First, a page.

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Definitions of disarray

  1. To throw into disorder; to break the array of. Webster Dictionary DB
  2. To take off the dress of; to unrobe. Webster Dictionary DB
  3. To undress; to throw into disorder. The Winston Simplified Dictionary. By William Dodge Lewis, Edgar Arthur Singer. Published 1919.
  4. To break the array of: to throw into disorder: to strip of array or dress. The american dictionary of the english language. By Daniel Lyons. Published 1899.
  5. To throw into disorder; undress. The Clarendon dictionary. By William Hand Browne, Samuel Stehman Haldeman. Published 1894.
  6. To undress; to throw an army into disorder. Nuttall's Standard dictionary of the English language. By Nuttall, P.Austin. Published 1914.
  7. Disarraying. The Winston Simplified Dictionary. By William Dodge Lewis, Edgar Arthur Singer. Published 1919.
  8. untidiness (especially of clothing and appearance) Scrapingweb Dictionary DB
  9. Want of array or regular order; disorder; confusion. Webster Dictionary DB
  10. Confused attire; undress. Webster Dictionary DB
  11. Disordered or insufficient dress; confusion. The Winston Simplified Dictionary. By William Dodge Lewis, Edgar Arthur Singer. Published 1919.
  12. Want of array or order: undress. The american dictionary of the english language. By Daniel Lyons. Published 1899.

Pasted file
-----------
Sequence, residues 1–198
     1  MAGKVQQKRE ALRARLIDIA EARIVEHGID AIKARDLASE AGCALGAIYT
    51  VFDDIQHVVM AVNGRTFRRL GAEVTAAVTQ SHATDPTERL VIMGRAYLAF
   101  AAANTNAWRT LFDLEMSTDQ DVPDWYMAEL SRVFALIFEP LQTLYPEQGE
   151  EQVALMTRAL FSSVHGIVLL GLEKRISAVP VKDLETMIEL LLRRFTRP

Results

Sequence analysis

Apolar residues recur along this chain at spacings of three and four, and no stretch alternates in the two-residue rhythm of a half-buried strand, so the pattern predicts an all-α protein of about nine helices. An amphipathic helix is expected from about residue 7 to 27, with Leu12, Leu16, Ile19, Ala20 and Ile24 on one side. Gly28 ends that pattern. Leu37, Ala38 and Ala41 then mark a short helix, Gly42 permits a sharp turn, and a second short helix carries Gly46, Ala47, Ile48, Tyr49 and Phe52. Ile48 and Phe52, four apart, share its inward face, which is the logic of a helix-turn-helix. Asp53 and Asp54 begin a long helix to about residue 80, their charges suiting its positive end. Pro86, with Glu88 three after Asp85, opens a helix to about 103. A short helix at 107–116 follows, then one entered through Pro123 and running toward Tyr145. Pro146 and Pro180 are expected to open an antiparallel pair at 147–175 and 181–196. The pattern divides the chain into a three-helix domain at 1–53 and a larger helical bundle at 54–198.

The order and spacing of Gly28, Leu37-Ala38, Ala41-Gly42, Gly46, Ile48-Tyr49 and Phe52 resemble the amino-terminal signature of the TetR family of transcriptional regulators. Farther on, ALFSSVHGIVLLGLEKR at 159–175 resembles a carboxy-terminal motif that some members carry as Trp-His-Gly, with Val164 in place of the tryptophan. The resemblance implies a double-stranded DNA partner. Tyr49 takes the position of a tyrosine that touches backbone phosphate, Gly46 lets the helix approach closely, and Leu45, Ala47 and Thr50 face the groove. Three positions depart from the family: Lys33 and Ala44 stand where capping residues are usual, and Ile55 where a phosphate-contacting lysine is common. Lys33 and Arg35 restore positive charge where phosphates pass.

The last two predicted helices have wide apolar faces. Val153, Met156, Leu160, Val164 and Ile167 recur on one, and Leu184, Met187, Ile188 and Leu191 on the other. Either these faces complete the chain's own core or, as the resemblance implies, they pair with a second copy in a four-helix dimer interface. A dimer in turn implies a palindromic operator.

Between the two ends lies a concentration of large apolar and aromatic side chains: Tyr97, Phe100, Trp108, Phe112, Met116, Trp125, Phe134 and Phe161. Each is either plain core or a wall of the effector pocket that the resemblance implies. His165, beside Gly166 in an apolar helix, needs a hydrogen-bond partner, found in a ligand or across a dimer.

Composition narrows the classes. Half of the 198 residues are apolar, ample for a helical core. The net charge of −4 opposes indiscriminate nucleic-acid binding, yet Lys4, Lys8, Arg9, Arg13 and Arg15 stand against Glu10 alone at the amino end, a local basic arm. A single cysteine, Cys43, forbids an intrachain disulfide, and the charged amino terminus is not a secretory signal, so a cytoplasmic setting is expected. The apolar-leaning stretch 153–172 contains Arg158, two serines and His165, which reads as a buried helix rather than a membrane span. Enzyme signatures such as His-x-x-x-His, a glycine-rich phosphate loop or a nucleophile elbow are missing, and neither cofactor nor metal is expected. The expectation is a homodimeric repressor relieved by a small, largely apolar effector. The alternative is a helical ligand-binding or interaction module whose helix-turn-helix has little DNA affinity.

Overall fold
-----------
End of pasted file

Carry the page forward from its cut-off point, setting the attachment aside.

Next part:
13. Want of order; undress. The Clarendon dictionary. By William Hand Browne, Samuel Stehman Haldeman. Published 1894.
  14. Disorder; undress. Nuttall's Standard dictionary of the English language. By Nuttall, P.Austin. Published 1914.
  15. Undress; confusion; disorder. Etymological and pronouncing dictionary of the English language. By Stormonth, James, Phelp, P. H. Published 1874.
  16. Disarrayed. The Winston Simplified Dictionary. By William Dodge Lewis, Edgar Arthur Singer. Published 1919.

What are the misspellings for disarray?

Usage examples for disarray

  1. It revealed the disarray of the deck- he basins, the old mahogany amputating- case with its lock plate of bone, the stained and reddened towels; and it showed the brooding and overcast faces of the men. – The After House by Mary Roberts Rinehart
  2. Peering cautiously in, she saw that the room was in disarray – The Cry at Midnight by Mildred A. Wirt
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